Like The Queen
Whatever happens to strike my fancy, but surely some sort of fiber content.


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Sunday, December 21, 2003  

Well. I didn't mean to be so revealing yesterday nor so burdensome. It still feels good to have put thoughts onto virtual paper. So good, in fact, I'm not yet ready to erase them. I can re-read what I have written and ask myself it that is how I really feel, why I do what I do, who I am? That, of course, my dears, is the ENFP forever questing, forever asking why we exist at all, anyway. And there is that other question: Why do I blog? And what are my responsibilities as a Blogger? How much is too much - information? detail? When does it become gossip or betrayal or whining? But truly, I am not suffering - merely living. I thank those of you who felt the urge to respond and I appreciate that gift of lightening a load I wasn't altogether aware I was carrying. Trash pick-up is tomorrow.

Eh. Well. Self-pondering can be a good thing for occupying a mind in a gloomy state, while cleaning house - and that was yesterday. Today is new and I am back at Tara anyway, so I can think about other things. Better things. Like: Will I finish the Christmas scarf? (yes) the Christmas socks? (doubt it) and is there time to order the rib roast? (probably) and who is left on the list to call about the party on the 27th? (let's let BD do it)

Okay - that takes care of the philosophy of today. Or at least, half of today, since the other half will be spent among other people in other houses. Part of the rush yesterday was to get the Christmas tree up and decorated. This is almost always my job and my delight - for BD has his own issues when it comes to holiday rituals. I like a BIG tree - that is in the way all the time and holds every ornament we've ever collected. Last year we cut a very small tree and I was dissatisfied with it all season. This year we picked a compromise size tree - about 8 feet tall and not too full but rather beautifully proportioned. Our trees are spruce pines taken from cutover areas, either beneath power lines or along White Oak Swamp - which was the woodlot each of the farms down here got a portion of. Only Melvin Clark's farm actually boarders it, and John Allen's, I suppose, since the road divides those two properties. LD lives at John Allen's (funny how a place retains a name long after the owner dies and the property's sold).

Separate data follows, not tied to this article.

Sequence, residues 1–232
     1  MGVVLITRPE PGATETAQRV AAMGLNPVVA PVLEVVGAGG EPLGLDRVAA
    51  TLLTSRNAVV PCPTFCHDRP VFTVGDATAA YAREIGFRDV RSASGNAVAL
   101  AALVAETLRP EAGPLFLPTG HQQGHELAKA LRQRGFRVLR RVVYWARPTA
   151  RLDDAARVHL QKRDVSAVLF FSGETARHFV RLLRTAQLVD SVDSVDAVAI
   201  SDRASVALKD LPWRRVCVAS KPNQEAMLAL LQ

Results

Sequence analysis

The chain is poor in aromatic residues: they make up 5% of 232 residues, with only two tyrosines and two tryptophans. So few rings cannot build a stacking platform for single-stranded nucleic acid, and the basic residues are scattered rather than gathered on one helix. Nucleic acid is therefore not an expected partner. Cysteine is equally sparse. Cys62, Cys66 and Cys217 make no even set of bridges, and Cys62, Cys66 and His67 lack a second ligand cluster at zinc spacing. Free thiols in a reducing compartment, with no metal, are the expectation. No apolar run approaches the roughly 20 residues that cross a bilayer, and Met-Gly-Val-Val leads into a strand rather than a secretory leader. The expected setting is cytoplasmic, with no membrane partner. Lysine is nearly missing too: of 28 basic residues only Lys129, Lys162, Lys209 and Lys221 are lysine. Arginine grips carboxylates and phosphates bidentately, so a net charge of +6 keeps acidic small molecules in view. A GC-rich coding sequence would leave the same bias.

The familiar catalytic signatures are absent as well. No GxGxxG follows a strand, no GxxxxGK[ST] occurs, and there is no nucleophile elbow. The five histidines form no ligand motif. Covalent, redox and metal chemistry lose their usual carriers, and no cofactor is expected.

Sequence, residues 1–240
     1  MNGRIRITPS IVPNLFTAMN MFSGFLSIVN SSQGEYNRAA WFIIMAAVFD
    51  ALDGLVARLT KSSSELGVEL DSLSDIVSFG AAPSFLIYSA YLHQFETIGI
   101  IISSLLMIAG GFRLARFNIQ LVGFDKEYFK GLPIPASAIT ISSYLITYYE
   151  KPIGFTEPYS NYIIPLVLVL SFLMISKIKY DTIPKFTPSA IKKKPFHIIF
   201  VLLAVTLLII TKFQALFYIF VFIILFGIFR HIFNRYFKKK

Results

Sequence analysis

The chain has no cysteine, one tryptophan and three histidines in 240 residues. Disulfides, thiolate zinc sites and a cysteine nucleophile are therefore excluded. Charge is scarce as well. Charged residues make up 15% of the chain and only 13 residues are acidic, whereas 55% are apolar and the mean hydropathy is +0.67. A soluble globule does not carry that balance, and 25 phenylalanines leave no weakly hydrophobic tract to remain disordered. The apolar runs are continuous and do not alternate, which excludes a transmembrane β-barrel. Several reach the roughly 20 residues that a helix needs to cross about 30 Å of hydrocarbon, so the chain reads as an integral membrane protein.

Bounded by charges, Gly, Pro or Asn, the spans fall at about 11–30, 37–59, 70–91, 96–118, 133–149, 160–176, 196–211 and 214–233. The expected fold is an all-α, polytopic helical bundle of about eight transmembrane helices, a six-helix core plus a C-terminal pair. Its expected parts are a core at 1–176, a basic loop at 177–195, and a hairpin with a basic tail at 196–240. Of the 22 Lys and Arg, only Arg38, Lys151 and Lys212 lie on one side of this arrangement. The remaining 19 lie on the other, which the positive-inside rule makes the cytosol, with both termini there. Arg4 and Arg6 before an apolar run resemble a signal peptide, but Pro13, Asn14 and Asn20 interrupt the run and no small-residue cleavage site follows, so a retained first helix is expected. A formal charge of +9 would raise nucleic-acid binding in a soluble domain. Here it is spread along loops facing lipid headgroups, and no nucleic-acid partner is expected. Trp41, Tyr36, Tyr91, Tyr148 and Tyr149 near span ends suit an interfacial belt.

Three types of pines grow around here, if you don't count the White Pines that people grow as screens. The Rosemary pine, which is what people call the original pine found in these parts, is fairly rare and when found, is already quite a substantial tree. The Loblolly is the crop tree grown for either lumber or pulp, usually depending on when it's cut. The spruce is the volunteer that pops up when a piece of timberland has been cut. It's a short needle pine with many branches - if it grows in the sun. It is almost always crowded together with other things leaping out of newly sun-warmed soil, and so the individuals tend to have branches only on the side that gets sunlight. It's not till they have some height on them that they thicken up.

We put our tree in the corner, though, and a one-sided tree is just what we are looking for - something that has had plenty of sunshine on one side, with thick branching and lots of green. Of course, these are wild-grown trees so there are always gaps in them. For years I bit my lip and accepted the fact that I would never have a perfect symmetrical tree with a theme to its decorations. Now I'm secretly pleased that nobody has a Christmas tree quite like this - with as many as 10 balls on any given branch, some of which dangle from great long ribbons, filling the inevitable gaps. It's so full of toys that little kids love to visit and play with it. Most adults think it's weird looking - but that is because they look at too many magazines. And the folk with laughter in their eyes appreciate its unique appearance.

Magnificent ERIC of Blogger Help Desk told me (within an hour or so of my email) that the problem with my apostrophes and quotation marks comes from writing my post on MSWord, which BD has set to produce curlyquotes. Blogger reads them as ASCII symbols. Since I can't spell worth a hoot, I have to use a wp program and since BD writes for a living, it would be WoeUntoMe if I forgot to change the flat quotes back to curlyquotes, always assuming I could figure out how to make the change in the first place, an added chore has been tacked onto this activity. But at least I know what the problem is and a fiddly-bits task for these few paragraphs isn't all that onerous.

Ahh - Is that a blue cashmerino scarf I hear calling me. I must be off, then. Adieu mes amis.

posted by Bess | 7:24 AM